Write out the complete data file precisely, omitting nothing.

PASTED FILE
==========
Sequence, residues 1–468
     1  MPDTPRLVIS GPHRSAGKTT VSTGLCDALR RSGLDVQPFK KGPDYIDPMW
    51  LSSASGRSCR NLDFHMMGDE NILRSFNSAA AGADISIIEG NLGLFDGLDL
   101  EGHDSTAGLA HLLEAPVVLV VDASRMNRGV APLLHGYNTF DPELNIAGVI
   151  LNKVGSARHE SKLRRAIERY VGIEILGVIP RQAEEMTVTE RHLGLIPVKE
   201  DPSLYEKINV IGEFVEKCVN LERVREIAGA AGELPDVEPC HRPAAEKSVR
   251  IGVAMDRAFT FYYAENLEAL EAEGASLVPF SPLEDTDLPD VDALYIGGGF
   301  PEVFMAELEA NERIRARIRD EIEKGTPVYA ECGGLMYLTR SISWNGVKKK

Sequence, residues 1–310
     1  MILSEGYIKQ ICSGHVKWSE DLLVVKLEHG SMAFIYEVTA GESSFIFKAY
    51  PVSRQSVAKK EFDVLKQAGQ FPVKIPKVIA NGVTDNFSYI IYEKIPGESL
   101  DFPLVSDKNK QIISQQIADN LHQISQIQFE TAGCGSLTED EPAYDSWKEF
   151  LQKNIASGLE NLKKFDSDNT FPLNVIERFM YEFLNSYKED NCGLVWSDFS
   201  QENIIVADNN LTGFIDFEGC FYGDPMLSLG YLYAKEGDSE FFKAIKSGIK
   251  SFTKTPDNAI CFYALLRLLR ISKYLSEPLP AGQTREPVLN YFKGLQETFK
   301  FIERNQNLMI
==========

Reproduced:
Sequence, residues 1–468
     1  MPDTPRLVIS GPHRSAGKTT VSTGLCDALR RSGLDVQPFK KGPDYIDPMW
    51  LSSASGRSCR NLDFHMMGDE NILRSFNSAA AGADISIIEG NLGLFDGLDL
   101  EGHDSTAGLA HLLEAPVVLV VDASRMNRGV APLLHGYNTF DPELNIAGVI
   151  LNKVGSARHE SKLRRAIERY VGIEILGVIP RQAEEMTVTE RHLGLIPVKE
   201  DPSLYEKINV IGEFVEKCVN LERVREIAGA AGELPDVEPC HRPAAEKSVR
   251  IGVAMDRAFT FYYAENLEAL EAEGASLVPF SPLEDTDLPD VDALYIGGGF
   301  PEVFMAELEA NERIRARIRD EIEKGTPVYA ECGGLMYLTR SISWNGVKKK

Sequence, residues 1–310
     1  MILSEGYIKQ ICSGHVKWSE DLLVVKLEHG SMAFIYEVTA GESSFIFKAY
    51  PVSRQSVAKK EFDVLKQAGQ FPVKIPKVIA NGVTDNFSYI IYEKIPGESL
   101  DFPLVSDKNK QIISQQIADN LHQISQIQFE TAGCGSLTED EPAYDSWKEF
   151  LQKNIASGLE NLKKFDSDNT FPLNVIERFM YEFLNSYKED NCGLVWSDFS
   201  QENIIVADNN LTGFIDFEGC FYGDPMLSLG YLYAKEGDSE FFKAIKSGIK
   251  SFTKTPDNAI CFYALLRLLR ISKYLSEPLP AGQTREPVLN YFKGLQETFK
   301  FIERNQNLMI